For example, the Richard W. and Sue P. Vilter Chair was given to Professor of Medicine Eric Warm, MD, in recognition of his national prominence in Graduate Medical Education training. As a chair, Warm has been able to continue developing innovative educational models in Cincinnati that are influencing educators across the nation.

"We are grateful for this support as we carry out the missions of the department and accomplish our vision of enhancing the health and health outcomes of our local and global community,” says Rouan.

Setting the Stage for Growth
The financial support and recognition of an endowed chair can not only help departments retain talented professors at the College of Medicine but also can set the foundation for faculty to build a new area of study. 

Through the Kautz Family Foundation, alumnus and former chair of the UC Foundation Jim Kautz created the Endowed Chair of Geriatric Medicine Education to support a subspecialty in UC’s Department of Family Medicine.

Kautz says he created the chair both to honor Professor of Family Medicine Gregg Warshaw, MD, and to enable the department’s geriatric program to continue to grow. He met Warshaw when his late wife, Carol, was diagnosed with Alzheimer’s disease.

"Dr. Warshaw was a combination of a brilliant physician and compassionate guide as we searched for answers on an extremely difficult journey,” says Kautz. "I believe that, ultimately, there will be a treatment for Alzheimer’s. Until then, our endowed chair will continue to provide funds to study and treat this ever-growing segment of our society.”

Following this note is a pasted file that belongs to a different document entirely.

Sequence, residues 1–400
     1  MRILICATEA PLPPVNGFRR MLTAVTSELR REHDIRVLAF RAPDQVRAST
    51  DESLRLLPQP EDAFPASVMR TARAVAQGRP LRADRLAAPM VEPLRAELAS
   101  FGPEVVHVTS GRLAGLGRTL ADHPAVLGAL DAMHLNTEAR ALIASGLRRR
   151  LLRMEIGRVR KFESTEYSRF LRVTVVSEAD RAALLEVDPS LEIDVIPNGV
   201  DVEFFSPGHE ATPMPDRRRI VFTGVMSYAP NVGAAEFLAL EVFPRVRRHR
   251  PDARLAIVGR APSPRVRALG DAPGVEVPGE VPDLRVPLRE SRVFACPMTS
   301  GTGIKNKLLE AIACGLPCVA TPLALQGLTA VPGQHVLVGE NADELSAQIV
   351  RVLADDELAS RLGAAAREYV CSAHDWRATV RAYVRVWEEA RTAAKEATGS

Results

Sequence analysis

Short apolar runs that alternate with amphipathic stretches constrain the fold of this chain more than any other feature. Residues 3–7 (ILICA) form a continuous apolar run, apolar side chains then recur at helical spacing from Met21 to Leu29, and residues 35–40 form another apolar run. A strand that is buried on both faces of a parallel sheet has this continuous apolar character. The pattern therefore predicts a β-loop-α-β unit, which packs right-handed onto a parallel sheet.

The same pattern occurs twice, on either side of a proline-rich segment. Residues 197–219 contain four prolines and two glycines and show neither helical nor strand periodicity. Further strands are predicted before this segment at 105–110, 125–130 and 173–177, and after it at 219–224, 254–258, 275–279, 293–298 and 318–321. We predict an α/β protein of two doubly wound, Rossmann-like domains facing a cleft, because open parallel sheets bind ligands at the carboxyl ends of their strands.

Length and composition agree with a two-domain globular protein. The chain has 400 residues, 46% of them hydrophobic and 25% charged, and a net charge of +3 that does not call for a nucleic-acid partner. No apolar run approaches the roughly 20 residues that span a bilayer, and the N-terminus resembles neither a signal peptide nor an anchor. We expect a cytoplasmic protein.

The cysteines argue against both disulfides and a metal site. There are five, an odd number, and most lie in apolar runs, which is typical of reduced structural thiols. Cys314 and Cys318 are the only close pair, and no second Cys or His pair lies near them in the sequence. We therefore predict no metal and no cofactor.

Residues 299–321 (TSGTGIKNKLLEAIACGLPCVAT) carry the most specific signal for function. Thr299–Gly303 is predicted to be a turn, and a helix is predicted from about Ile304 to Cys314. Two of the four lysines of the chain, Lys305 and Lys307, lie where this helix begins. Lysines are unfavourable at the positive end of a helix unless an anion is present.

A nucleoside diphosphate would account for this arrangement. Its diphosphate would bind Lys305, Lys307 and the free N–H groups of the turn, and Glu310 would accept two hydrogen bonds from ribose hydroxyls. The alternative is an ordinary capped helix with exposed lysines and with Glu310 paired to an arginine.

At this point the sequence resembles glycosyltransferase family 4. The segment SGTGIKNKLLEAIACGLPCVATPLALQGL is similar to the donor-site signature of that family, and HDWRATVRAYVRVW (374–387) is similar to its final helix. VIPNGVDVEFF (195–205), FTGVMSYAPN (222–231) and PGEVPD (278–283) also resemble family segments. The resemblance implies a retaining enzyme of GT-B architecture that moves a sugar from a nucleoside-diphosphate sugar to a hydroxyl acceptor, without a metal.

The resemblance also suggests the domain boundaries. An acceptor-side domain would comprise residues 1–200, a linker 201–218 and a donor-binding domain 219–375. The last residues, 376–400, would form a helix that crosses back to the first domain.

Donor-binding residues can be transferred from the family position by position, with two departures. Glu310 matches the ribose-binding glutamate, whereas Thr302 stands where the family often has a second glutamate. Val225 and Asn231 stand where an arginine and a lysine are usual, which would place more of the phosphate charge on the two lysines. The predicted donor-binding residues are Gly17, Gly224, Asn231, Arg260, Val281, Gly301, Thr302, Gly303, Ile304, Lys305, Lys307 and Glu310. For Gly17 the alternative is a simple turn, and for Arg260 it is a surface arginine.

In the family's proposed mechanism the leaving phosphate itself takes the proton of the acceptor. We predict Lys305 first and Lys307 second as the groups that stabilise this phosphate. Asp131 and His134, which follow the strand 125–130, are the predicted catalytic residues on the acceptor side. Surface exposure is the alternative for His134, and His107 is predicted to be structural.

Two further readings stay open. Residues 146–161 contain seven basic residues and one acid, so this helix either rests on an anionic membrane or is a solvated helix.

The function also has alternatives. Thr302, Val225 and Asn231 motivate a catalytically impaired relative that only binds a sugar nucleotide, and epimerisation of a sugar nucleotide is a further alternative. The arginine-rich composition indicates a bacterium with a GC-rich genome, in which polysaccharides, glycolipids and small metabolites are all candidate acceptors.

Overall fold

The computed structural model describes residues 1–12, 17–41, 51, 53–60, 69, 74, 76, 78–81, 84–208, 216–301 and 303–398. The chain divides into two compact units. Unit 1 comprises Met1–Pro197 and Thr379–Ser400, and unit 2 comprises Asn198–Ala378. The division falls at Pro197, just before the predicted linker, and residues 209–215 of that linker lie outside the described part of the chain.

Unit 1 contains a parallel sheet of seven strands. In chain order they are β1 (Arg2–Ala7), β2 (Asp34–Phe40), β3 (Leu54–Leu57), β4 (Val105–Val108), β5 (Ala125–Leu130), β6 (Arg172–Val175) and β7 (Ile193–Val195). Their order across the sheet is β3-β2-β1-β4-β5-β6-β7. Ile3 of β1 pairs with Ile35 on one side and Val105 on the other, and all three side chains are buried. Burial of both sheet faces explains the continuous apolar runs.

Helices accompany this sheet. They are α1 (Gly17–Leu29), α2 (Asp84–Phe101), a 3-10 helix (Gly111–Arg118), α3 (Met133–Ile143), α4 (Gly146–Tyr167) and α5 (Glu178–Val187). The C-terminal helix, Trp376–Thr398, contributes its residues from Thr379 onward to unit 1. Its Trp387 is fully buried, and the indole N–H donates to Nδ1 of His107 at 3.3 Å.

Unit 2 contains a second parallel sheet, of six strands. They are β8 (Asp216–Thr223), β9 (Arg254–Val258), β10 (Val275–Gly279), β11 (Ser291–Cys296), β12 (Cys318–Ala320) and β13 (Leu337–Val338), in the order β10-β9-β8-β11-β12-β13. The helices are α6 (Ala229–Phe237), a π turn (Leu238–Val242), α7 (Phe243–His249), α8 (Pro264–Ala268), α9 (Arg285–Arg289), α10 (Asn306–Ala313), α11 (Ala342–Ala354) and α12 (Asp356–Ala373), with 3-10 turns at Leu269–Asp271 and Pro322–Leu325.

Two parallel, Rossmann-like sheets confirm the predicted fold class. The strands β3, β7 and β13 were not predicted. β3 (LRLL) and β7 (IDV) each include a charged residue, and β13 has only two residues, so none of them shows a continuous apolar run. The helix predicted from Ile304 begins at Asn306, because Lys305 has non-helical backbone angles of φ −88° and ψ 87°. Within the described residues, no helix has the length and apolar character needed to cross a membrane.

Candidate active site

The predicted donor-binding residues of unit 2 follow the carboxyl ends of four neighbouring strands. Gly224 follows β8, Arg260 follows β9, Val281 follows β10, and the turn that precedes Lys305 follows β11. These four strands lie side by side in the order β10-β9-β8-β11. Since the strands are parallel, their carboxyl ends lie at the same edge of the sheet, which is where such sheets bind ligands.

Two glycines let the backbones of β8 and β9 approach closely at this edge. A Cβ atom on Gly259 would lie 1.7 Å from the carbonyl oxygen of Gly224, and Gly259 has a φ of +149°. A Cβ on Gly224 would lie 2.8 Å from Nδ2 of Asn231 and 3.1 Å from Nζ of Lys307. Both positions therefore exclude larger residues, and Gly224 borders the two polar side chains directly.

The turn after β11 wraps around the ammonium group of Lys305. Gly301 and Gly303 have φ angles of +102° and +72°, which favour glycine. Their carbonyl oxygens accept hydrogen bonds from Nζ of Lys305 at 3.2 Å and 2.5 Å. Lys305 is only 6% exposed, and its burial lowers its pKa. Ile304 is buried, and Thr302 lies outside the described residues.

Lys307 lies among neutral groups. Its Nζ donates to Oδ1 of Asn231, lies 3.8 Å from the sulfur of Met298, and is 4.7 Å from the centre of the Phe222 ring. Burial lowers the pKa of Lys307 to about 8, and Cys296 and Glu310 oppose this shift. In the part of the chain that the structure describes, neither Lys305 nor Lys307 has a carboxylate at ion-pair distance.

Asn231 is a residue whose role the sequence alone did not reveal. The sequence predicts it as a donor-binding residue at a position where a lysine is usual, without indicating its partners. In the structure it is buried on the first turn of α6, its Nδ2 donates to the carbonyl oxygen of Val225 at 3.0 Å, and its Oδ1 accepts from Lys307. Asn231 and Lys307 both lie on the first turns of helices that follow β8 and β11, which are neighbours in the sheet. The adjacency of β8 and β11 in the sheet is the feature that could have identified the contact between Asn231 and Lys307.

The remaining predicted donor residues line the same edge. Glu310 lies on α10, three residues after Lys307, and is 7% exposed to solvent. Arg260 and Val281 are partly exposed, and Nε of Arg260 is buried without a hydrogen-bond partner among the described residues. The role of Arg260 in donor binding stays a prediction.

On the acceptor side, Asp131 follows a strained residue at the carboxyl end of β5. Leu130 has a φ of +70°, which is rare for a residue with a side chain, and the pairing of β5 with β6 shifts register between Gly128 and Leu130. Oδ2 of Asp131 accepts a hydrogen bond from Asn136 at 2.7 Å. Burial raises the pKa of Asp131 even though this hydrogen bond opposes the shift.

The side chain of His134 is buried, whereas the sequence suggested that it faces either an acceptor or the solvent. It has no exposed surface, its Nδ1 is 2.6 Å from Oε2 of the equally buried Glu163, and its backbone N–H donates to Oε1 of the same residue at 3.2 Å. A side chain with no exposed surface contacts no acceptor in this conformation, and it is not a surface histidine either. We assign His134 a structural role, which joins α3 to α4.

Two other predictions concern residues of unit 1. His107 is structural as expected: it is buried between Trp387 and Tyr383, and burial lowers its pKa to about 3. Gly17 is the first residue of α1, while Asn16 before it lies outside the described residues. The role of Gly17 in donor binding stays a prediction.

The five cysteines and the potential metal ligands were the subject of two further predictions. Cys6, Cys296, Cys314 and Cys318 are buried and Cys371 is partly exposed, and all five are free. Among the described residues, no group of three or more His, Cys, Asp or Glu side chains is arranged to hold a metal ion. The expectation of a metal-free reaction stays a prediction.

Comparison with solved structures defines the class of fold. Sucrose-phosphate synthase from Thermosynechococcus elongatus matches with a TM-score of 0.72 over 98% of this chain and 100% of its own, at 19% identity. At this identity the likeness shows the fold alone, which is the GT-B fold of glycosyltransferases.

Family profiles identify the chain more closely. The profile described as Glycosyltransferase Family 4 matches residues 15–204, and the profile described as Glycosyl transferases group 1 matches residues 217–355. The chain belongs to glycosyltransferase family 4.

By increasing faculty support through an endowed chair, faculty leaders can develop new programs or centers of excellence to benefit patient care, education or research of a condition or disease.

Recruiting for Excellence  
Chair of Orthopaedic Surgery Peter Stern, MD, says endowed chairs make it easier for departments to attract high-caliber physicians who can add to the department’s mission. 

When the college conducts national searches to fill academic positions, he says they look for the "best and brightest,” and recognize that these faculty leaders are in high demand across the country.

Stern believes in the importance of endowed chairs so much that he worked with former residents, fellows and family members to fund a new position, the Peter J. Stern, MD Endowed Chair in Orthopaedic Surgery. The UC Board of Trustees approved the chair at its Feb. 19 meeting.

"The best way for us to maintain a strong orthopaedic department at UC is to have endowed chairs,” he says. "I’d like to see basic research be an area of growth in our department, and endowments provide a financial underpinning for our faculty to conduct this important work.” 

The Ward E. Bullock Endowed Chair in Infectious Diseases was another chair created by a faculty member passionate about improving scholarship in his own field. Ward Bullock, MD, headed the infectious diseases division within the college from 1980 to 1994, additionally serving as senior associate dean of the college from 1989 to 1991.